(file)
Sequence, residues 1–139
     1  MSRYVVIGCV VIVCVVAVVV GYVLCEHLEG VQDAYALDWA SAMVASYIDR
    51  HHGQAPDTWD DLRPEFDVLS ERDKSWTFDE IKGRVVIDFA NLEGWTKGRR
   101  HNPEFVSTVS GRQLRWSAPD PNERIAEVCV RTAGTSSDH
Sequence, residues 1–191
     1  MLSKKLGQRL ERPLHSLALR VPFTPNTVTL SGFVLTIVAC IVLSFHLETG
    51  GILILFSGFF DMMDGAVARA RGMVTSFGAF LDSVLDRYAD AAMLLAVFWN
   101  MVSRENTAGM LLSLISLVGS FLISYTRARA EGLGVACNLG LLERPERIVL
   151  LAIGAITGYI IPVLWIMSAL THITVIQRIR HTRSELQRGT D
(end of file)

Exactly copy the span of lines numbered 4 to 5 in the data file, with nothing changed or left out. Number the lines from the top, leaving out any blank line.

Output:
   101  HNPEFVSTVS GRQLRWSAPD PNERIAEVCV RTAGTSSDH
Sequence, residues 1–191